HomeOracle Database Interaction with PL/SQL: User defined Exceptions, Nested Blocks
Database Interaction with PL/SQL: User defined Exceptions, Nested Blocks
This is part 7 of a series of articles focusing on database interactions with Oracle PL/SQL. In my previous article, I gave an introduction to exception handling and went through some predefined exceptions. In this article, we will focus on user defined exceptions in PL/SQL and some tips for working with exceptions efficiently.
Please note that all the examples in this series have been tested only with Oracle 10g. I didn't really test them with all the previous versions of Oracle. I suggest you refer to the documentation for the version you are using, if any of the programs fail to execute.
User defined exceptions
The sixth part of my series (the previous article) completely focused on predefined exceptions in Oracle PL/SQL. Now, how do we create our own exception, raise it and handle it?
The declaration of a user defined exception is similar to that of a variable declaration. Instead of providing a data type to that variable, we provide a keyword EXCEPTION. PL/SQL runtime doesn't know when to raise (or fire) our exception. So, it is our responsibility to inform the PL/SQL runtime when it has to raise (or fire). Once the exception is raised, it is handled in the same way as we handle predefined exceptions. Let us consider the following example.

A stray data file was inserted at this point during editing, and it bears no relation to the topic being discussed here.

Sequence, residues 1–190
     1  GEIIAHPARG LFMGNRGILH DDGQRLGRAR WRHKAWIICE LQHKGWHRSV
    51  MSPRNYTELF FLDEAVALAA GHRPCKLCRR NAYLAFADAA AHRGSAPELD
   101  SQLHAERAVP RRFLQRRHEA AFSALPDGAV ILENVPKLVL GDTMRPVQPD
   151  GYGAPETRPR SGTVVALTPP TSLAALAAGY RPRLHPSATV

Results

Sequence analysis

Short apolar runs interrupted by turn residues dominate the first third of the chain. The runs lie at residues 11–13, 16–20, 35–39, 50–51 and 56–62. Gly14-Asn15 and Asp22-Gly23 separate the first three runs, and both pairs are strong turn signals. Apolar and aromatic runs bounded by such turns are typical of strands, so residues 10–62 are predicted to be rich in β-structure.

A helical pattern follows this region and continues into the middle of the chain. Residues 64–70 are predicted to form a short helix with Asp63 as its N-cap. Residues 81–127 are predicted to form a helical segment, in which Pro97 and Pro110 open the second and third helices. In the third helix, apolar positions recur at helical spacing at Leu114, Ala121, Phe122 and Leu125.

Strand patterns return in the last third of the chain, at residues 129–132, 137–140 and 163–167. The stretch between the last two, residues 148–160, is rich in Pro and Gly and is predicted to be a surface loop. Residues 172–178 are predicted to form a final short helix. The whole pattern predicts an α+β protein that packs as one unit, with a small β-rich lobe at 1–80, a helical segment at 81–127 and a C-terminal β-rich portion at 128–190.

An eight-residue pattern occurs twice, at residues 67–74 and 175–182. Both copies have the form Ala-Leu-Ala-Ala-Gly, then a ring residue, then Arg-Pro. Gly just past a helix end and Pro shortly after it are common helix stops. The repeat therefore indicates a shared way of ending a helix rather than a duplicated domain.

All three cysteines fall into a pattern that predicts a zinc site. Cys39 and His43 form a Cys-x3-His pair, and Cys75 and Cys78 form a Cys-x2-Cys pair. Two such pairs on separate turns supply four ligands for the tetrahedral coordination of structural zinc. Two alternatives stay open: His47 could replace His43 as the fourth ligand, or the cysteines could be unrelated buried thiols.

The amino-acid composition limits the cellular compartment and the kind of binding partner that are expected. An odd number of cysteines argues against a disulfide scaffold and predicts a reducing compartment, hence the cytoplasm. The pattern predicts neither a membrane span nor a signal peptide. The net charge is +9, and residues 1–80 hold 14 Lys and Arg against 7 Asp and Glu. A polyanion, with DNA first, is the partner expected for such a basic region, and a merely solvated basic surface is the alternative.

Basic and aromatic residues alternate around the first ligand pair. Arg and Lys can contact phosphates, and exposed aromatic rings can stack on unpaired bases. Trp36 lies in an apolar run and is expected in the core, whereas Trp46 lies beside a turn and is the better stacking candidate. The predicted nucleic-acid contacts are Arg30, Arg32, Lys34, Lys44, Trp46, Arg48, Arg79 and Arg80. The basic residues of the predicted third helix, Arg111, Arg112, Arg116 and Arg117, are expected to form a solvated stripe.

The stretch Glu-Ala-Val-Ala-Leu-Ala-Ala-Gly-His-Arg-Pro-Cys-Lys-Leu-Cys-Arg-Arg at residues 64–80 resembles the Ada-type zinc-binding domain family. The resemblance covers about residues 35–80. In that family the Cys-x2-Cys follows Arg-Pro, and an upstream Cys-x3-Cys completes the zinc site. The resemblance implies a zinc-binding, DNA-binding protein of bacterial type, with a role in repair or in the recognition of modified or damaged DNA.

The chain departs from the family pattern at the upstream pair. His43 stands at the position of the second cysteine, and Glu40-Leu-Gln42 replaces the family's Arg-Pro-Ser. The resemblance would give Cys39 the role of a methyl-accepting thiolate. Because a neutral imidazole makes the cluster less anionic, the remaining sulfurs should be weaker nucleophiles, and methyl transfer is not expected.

Declare v_empno emp.empno%type:=&empno; v_inc emp.sal%type:=&increment; v_sal emp.sal%type; e_High_Sal exception; Begin Select sal into v_sal From emp Where empno=v_empno;
If v_sal>2000 then Raise e_High_Sal; End if;
Update emp set sal=sal+ v_inc Where empno=v_empno;
Exception When e_High_Sal then dbms_output.put_line('Salary is Already High'); End;
From the above program, we can observe that 'e_High_Sal' is declared as an EXCEPTION. The exception gets raised when the salary is above two thousand. The 'raise' statement makes the flow of execution jump immediately to the exception section (skipping all the statements in between). If the salary is above two thousand, the exception 'e_High_Sal' gets handled through a 'when' statement within the exception section, and displays the message 'Salary is Already High'.
You may be wondering why this much of a mechanism is necessary to display a simple message based on a condition. The same thing can be achieved very easily and comfortably by using an IF..ELSE construct. In the case of above example, I should admit it.
Another question you might as is, can't we write any program in PL/SQL without using a user defined exception? To which the answer is almost YES. The user defined exceptions are not necessary (basically for simple programs). But when your code within the PL/SQL block grows more and more, or blocks get nested more and more, or for efficiently coding sub-programs or packages, you would definitely appreciate the use of user-defined exceptions.